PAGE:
If there is a fear of freedom, how does it get dealt with constructively as opposed to destructively if destructive responses are authoritarianism, destruction and conformity?

How is destruction a defense against freedom?

Does Fromm address fears (fears that seem to crop up in people who are political authoritarians) that spontaneous human nature can lead to destructive tendencies? I get the impression he feels freedom (based on spontaneous behavior and honesty with our true feelings and emotions) is going to naturally lead to a functioning society.

IIRC, what Fromm said was, basically, “with freedom comes responsibility.” Some people don’t want that responsibility, so they let someone else take it by following them.

Doesn’t matter whether it’s positive or negative.

The other side of freedom is that a lot of people want freedom … but mostly for themselves.

What they fear is that others will use *their *positive freedom in ways which which appear negative to themselves.

Not trying to mix in any comment about Michael Savage, but consider the number of “conservatives” who claim to believe in freedom, but not the freedom to be gay and married (or at least share employer-provided medical coverage).

Of the number of hard core leftists who say they believe in freedom, but not the freedom to make money by polluting or hunting cute wildlife.

If you truly believe in positive freedom, you must also believe in the right of everybody else to the same freedom. And therefore the right of each of them to choose things you find regrettable and in some cases reprehensible.

So, IMO, in any discussion about freedom, positive or negative, you need to clarify whether the speaker is speaking of freedom for themselves, or freedom for others.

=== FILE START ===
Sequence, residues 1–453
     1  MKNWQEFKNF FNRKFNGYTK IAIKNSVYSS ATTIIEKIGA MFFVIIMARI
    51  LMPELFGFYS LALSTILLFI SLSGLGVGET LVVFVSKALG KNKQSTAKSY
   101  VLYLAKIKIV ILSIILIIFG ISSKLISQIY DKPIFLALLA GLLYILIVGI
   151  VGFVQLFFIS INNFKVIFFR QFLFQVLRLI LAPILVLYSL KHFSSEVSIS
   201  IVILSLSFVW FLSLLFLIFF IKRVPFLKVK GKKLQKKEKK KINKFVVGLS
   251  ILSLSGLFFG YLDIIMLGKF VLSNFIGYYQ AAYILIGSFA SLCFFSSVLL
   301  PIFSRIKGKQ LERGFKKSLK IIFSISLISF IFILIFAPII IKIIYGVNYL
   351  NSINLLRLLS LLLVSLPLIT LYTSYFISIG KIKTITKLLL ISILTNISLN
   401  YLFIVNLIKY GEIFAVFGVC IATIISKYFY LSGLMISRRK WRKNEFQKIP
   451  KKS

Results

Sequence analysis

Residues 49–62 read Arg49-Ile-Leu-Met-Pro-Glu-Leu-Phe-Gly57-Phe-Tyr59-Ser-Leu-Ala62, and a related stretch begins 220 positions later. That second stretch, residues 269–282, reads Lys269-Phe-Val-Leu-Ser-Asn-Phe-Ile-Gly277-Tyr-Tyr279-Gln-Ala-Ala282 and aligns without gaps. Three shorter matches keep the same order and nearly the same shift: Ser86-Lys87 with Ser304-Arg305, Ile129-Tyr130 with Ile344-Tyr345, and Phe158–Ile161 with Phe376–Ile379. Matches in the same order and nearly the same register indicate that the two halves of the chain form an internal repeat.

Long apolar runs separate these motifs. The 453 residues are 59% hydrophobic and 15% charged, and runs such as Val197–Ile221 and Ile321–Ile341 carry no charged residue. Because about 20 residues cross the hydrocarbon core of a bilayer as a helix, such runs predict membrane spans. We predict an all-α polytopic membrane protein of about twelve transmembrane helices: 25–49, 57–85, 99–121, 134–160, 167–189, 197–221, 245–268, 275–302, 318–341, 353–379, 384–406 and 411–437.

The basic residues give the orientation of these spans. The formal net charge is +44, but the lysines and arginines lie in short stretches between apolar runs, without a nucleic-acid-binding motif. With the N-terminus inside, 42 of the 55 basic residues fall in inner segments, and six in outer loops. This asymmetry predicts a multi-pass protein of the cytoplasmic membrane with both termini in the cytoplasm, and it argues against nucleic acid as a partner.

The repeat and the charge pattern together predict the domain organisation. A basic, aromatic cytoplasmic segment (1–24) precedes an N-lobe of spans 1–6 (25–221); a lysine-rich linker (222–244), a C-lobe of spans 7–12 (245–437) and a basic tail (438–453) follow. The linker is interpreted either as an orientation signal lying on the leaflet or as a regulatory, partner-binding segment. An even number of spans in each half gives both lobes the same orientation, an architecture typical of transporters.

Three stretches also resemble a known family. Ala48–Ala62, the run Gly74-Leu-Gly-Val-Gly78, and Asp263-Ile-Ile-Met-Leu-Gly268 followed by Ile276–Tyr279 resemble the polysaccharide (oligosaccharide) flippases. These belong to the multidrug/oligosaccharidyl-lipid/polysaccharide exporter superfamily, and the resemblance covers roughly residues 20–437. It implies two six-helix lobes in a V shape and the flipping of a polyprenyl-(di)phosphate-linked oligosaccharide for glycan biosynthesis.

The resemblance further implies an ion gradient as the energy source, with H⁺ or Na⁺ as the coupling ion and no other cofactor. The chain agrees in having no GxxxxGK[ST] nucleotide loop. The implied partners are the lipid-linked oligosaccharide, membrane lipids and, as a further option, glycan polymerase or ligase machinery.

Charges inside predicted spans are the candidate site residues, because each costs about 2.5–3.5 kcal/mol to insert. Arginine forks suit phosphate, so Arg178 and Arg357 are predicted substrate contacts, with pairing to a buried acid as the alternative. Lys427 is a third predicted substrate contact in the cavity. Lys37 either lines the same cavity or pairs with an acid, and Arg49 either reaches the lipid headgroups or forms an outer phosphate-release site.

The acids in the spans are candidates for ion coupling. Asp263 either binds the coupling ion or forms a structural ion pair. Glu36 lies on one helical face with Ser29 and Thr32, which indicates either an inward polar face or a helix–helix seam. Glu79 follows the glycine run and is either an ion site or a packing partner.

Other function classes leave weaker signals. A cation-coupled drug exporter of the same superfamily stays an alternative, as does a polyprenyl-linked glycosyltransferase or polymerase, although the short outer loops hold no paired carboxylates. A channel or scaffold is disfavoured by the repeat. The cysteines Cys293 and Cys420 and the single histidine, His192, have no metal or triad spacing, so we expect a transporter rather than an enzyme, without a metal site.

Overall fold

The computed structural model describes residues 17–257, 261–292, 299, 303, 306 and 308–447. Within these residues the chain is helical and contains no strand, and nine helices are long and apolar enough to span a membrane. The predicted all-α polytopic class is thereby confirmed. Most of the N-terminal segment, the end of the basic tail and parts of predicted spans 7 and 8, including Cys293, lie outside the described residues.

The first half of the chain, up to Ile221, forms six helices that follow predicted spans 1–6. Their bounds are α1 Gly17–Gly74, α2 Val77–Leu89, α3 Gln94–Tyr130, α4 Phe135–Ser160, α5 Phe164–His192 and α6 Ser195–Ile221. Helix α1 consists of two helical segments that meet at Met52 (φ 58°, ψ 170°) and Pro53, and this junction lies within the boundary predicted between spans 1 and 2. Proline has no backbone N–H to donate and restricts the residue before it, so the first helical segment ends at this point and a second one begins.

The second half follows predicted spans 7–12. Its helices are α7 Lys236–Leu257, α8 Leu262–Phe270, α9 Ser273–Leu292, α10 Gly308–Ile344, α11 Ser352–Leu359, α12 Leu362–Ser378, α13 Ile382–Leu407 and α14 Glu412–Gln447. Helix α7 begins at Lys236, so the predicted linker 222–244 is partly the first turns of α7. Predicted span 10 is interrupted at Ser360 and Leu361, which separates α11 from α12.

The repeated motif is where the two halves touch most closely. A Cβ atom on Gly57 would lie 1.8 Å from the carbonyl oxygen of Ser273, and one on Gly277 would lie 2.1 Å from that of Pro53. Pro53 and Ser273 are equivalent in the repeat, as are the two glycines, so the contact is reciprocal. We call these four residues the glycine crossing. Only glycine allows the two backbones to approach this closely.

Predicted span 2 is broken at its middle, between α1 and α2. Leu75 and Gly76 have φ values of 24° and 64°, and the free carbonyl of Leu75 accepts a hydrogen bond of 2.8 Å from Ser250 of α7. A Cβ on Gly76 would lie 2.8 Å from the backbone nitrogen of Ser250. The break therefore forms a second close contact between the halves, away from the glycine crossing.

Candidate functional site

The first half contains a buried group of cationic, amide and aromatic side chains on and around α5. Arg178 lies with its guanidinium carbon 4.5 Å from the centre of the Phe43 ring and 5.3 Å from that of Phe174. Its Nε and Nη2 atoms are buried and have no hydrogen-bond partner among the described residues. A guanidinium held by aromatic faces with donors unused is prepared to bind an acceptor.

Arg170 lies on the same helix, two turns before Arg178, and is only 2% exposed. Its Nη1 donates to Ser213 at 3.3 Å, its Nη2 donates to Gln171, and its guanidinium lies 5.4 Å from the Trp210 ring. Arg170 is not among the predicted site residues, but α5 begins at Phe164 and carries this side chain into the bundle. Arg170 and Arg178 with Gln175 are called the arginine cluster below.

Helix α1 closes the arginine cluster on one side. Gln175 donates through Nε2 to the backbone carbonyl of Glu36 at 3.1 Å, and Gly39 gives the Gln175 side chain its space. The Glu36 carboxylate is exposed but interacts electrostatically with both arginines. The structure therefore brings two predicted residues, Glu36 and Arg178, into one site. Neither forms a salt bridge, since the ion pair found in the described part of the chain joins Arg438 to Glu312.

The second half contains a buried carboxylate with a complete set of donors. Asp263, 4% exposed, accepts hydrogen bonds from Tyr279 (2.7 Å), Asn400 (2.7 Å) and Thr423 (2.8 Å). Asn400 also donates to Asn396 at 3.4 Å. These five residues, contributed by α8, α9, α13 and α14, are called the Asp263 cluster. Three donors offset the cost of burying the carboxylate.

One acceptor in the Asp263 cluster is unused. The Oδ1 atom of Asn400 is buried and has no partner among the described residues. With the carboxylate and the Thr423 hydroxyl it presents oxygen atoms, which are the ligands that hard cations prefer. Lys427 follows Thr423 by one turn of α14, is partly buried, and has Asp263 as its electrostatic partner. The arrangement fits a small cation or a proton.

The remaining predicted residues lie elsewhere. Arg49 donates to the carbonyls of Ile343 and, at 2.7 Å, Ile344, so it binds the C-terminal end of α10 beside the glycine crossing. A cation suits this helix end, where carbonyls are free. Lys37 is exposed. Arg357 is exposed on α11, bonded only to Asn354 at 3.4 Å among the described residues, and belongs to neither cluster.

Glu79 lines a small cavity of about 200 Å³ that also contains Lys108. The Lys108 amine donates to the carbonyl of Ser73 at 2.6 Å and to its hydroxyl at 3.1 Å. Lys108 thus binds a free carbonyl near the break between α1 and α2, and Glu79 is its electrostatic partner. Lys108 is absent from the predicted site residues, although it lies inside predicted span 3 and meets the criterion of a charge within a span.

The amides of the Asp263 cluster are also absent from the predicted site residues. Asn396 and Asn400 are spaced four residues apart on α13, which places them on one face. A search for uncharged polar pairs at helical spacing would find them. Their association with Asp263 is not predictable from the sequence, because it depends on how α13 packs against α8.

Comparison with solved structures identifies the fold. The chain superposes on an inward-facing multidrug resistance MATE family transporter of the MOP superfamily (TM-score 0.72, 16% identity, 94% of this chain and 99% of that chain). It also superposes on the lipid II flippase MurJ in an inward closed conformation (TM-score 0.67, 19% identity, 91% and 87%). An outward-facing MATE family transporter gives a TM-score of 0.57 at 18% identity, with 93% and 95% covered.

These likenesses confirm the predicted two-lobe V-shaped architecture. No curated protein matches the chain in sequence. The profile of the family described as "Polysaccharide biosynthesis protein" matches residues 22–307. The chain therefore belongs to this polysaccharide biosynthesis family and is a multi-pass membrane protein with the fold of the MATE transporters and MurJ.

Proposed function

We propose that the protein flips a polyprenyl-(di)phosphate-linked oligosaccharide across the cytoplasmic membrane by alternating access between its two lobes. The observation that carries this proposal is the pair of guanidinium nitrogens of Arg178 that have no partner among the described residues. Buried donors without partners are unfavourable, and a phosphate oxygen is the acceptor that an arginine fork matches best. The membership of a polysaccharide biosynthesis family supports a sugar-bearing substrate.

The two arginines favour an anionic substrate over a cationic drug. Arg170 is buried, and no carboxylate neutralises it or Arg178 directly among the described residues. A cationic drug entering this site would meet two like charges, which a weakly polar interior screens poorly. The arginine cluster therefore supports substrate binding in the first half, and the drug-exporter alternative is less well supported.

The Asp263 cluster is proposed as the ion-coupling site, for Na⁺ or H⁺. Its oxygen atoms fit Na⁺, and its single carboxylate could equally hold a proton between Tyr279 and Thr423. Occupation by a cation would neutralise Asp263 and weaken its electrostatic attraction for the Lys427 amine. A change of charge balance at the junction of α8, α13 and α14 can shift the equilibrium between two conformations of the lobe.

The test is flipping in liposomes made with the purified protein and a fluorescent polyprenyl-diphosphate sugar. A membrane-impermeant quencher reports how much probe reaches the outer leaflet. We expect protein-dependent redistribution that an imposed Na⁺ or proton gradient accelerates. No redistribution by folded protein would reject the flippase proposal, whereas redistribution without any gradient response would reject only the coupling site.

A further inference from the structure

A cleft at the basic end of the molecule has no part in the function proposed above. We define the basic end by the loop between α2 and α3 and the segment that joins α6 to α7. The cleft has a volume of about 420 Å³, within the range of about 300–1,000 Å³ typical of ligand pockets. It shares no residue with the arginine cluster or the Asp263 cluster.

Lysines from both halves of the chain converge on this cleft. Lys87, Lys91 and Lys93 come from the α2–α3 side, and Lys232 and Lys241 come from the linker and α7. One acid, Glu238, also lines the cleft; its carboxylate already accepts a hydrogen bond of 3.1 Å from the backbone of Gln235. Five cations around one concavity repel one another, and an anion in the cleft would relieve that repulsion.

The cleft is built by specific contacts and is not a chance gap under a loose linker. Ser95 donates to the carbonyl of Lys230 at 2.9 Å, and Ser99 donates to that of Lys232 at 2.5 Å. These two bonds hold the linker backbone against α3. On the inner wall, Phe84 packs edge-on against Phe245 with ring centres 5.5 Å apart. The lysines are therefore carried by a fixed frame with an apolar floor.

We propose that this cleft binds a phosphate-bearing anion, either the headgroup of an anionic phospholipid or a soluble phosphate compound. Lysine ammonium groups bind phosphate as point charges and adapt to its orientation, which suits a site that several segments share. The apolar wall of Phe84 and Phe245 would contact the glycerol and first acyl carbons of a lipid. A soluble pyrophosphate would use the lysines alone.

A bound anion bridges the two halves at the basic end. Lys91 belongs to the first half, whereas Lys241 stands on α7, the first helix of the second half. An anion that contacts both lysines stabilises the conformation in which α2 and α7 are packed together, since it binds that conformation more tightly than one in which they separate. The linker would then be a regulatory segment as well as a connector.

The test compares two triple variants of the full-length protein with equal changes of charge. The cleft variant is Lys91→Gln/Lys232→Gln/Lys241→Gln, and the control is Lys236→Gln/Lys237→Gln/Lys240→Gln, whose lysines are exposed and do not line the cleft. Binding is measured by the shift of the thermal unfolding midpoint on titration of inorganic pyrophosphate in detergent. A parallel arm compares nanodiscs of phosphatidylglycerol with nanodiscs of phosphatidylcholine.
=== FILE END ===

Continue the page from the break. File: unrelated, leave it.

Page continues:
That is a good point. But I think in politics over authoritarianism the division comes down to upholding tradition and protection from threats vs. egalitarianism. Liberals tend to support authoritarian measures to promote egalitarian views whereas conservatives support authoritarian measures to support tradition or to protect against threats.

So some liberals want to use authoritarian measures (calling in the national guard for example) to integrate schools, and some conservatives want to use authoritarian measures (the KKK) to stop integration. Liberals want authoritarianism to protect egalitarian goals (treating animals and nature with respect), conservatives want authoritarianism to protect against threats (using torture on terrorists).

The reality is everyone supports some degree of authoritarianism (except anarchists). Even libertarians support authoritarian structures like police and military. Authoritarianism vs libertarianism is more a continuum than a black/white division.

Either way, I’m still not sure what the big fear of freedom is. I can understand fear of negative effects of too much freedom (too much chaos, too much undesirable behavior, etc). But I get the impression people are also intimidated by too many choices and options too, or knowing they are responsible for their own lives.